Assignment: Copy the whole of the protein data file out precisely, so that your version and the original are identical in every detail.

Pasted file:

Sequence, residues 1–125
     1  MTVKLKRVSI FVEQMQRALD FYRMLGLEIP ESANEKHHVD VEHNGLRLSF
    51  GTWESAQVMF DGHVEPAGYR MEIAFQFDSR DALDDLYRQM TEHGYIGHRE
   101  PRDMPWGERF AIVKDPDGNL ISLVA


Sequence, residues 1–125
     1  MTVKLKRVSI FVEQMQRALD FYRMLGLEIP ESANEKHHVD VEHNGLRLSF
    51  GTWESAQVMF DGHVEPAGYR MEIAFQFDSR DALDDLYRQM TEHGYIGHRE
   101  PRDMPWGERF AIVKDPDGNL ISLVA